However, there is a lot of subtle variation within the category of C Market-tradeable coffee. Depending on the environmental conditions in which a coffee plant is grown, which include soil, altitude, and rainfall, the flavor nuances of the coffee beans it produces can vary quite a bit. These different flavor varieties aren’t accounted for on the C Market.
A coffee bean grown at 3,000 feet in Mexico is valued exactly the same as a coffee bean grown at 4,500 feet in Costa Rica, even though the two beans likely have very different flavor profiles. Of course, these flavor varieties matter a lot for coffee roasters, distributors, and consumers, even if they’re a non-factor on the C Market. This discrepancy between the quality standards of the C Market and the quality standards of the actual participants in the coffee industry has created a second coffee marketplace, the specialty coffee market.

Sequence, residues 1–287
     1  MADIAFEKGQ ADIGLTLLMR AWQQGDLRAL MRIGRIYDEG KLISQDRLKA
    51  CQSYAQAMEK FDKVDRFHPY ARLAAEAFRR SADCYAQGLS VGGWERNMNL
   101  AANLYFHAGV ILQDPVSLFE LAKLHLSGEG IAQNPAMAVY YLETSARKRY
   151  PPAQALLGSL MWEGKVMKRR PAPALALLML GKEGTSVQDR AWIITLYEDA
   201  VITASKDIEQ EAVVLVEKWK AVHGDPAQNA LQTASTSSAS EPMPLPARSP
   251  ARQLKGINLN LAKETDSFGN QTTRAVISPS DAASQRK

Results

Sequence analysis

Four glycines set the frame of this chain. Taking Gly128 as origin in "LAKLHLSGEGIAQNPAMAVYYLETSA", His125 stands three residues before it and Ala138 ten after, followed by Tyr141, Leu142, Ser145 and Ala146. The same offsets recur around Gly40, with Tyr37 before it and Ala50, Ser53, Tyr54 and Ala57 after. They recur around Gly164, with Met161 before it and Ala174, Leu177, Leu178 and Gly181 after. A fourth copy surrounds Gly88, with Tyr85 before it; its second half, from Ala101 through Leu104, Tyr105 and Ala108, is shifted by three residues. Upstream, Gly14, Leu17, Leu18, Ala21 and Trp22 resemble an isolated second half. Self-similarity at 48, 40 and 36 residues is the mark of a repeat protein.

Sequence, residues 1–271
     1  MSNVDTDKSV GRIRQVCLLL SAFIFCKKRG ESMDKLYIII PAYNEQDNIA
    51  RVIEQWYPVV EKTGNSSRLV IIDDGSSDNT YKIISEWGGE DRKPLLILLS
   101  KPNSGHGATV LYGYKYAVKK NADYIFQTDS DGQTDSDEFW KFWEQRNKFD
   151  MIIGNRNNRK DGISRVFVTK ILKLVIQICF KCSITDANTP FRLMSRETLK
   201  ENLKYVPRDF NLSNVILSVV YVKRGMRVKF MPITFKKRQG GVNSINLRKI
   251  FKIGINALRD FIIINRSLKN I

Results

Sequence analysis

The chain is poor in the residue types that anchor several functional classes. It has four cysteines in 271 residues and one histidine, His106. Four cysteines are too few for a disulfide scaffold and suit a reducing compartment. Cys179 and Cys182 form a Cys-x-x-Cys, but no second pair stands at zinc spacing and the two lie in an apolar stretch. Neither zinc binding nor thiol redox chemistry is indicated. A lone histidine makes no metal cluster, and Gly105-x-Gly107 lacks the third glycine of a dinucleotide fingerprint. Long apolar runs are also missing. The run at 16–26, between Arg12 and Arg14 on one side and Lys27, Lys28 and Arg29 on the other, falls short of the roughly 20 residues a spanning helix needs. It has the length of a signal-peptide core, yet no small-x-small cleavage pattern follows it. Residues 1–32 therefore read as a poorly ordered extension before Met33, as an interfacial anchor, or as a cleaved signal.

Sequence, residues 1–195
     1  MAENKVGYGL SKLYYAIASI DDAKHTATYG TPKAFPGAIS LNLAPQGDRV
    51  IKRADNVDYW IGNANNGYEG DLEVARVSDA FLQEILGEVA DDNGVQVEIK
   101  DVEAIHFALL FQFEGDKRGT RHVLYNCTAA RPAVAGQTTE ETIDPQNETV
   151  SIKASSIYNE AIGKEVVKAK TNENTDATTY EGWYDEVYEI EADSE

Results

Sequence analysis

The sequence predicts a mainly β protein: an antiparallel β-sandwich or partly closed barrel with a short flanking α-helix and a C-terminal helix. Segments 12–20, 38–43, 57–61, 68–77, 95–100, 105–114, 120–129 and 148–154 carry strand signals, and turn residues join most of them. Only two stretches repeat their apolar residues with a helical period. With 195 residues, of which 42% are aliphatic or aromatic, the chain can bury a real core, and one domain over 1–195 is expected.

In contrast to the C Market, which treats all of its coffee beans as identical in quality and value, the specialty coffee market takes into account the quality of different kinds of coffee beans when setting their prices. Generally speaking, the coffee that gets traded on the specialty coffee market is more expensive than the coffee that gets traded on the C Market due to these differences in quality.
Sometimes, small coffee farmers are able to recover some of their losses on the C Market by selling higher-quality coffee on the specialty coffee market at a premium. However, even when their profit from the specialty coffee market is factored in, many small coffee farms are still operating at a loss, or just barely breaking even.
Although we may not have cause to think about it in our day-to-day lives, the coffee that we drink is the end product of an incredibly complex set of markets. Minute fluctuations in C Market and the specialty coffee market might seem insignificant, but they can and do impact the price that we as consumers pay for our coffee. More importantly, they also impact the livelihoods of the farmers who provide all of the coffee we love.